PLoS One. 2014 Jan 28;9(1):e85386. doi: 10.1371/journal.pone.0085386. eCollection 2014.
Virulent and Avirulent Strains of Toxoplasma gondii Which Differ in Their Glycosylphosphatidylinositol Content Induce Similar Biological Functions in Macrophages
Niehus S1, Smith TK2, Azzouz N3, Campos MA4, Dubremetz JF5, Gazzinelli RT6, Schwarz RT7, Debierre-Grockiego F8.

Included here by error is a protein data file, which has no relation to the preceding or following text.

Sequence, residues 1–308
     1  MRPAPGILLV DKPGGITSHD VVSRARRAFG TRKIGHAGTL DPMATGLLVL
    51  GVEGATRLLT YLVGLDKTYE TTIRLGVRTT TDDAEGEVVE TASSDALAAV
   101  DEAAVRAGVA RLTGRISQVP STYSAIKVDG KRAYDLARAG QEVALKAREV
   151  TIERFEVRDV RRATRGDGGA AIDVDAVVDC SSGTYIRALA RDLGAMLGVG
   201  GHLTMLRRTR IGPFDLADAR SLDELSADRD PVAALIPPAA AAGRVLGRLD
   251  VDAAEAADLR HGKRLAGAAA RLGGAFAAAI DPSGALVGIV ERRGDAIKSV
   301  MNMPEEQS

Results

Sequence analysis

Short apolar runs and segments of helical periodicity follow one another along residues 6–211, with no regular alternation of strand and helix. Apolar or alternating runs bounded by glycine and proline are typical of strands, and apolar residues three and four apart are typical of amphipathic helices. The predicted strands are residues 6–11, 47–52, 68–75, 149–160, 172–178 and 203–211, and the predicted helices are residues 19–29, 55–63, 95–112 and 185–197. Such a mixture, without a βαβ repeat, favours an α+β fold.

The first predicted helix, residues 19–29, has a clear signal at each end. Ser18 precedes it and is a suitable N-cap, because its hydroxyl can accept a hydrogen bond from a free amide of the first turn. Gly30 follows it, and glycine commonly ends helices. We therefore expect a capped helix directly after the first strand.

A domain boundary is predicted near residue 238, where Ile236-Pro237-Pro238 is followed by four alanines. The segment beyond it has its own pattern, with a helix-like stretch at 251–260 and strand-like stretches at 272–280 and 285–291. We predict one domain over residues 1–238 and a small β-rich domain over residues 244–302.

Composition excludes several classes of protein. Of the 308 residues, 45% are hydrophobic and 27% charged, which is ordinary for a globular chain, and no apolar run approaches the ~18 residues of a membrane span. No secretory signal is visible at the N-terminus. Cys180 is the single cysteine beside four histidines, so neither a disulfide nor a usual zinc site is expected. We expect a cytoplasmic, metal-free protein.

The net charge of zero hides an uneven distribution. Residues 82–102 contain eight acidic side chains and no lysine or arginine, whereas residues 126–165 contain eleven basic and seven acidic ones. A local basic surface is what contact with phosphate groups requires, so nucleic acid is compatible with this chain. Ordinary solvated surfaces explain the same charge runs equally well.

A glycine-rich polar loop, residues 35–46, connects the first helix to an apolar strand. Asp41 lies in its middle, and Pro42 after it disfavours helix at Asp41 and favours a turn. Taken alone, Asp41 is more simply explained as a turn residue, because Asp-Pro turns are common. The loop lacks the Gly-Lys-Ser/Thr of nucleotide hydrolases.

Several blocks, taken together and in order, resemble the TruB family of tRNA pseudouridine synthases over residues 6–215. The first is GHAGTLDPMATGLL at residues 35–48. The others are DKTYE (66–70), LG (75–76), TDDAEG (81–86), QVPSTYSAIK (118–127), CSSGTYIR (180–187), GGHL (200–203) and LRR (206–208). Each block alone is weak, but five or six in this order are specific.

Glycosylphosphatidylinositols (GPIs) from several protozoan parasites are thought to elicit a detrimental stimulation of the host innate immune system aside their main function to anchor surface proteins. Here we analyzed the GPI biosynthesis of an avirulent Toxoplasma gondii type 2 strain (PTG) by metabolic radioactive labeling. We determined the biological function of individual GPI species in the PTG strain in comparison with previously characterized GPI-anchors of a virulent strain (RH). The GPI intermediates of both strains were structurally similar, however the abundance of two of six GPI intermediates was significantly reduced in the PTG strain. The side-by-side comparison of GPI-anchor content revealed that the PTG strain had only ∼34% of the protein-free GPIs as well as ∼70% of the GPI-anchored proteins with significantly lower rates of protein N-glycosylation compared to the RH strain. All mature GPIs from both strains induced comparable secretion levels of TNF-α and IL-12p40, and initiated TLR4/MyD88-dependent NF-κBp65 activation in macrophages. Taken together, these results demonstrate that PTG and RH strains differ in their GPI biosynthesis and possess significantly different GPI-anchor content, while individual GPI species of both strains induce similar biological functions in macrophages.
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